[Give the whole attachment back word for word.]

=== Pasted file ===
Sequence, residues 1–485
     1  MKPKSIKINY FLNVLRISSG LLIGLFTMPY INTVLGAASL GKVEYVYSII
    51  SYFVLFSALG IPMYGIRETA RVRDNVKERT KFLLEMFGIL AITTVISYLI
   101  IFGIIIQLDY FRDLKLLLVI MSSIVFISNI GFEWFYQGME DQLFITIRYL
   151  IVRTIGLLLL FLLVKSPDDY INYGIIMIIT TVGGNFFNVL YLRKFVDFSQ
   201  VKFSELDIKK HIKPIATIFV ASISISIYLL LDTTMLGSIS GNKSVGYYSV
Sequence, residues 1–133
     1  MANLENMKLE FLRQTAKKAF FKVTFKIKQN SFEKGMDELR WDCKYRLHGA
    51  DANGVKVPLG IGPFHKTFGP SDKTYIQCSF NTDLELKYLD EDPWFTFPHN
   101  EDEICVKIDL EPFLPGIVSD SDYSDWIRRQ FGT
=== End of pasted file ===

Sequence, residues 1–485
     1  MKPKSIKINY FLNVLRISSG LLIGLFTMPY INTVLGAASL GKVEYVYSII
    51  SYFVLFSALG IPMYGIRETA RVRDNVKERT KFLLEMFGIL AITTVISYLI
   101  IFGIIIQLDY FRDLKLLLVI MSSIVFISNI GFEWFYQGME DQLFITIRYL
   151  IVRTIGLLLL FLLVKSPDDY INYGIIMIIT TVGGNFFNVL YLRKFVDFSQ
   201  VKFSELDIKK HIKPIATIFV ASISISIYLL LDTTMLGSIS GNKSVGYYSV
Sequence, residues 1–133
     1  MANLENMKLE FLRQTAKKAF FKVTFKIKQN SFEKGMDELR WDCKYRLHGA
    51  DANGVKVPLG IGPFHKTFGP SDKTYIQCSF NTDLELKYLD EDPWFTFPHN
   101  EDEICVKIDL EPFLPGIVSD SDYSDWIRRQ FGT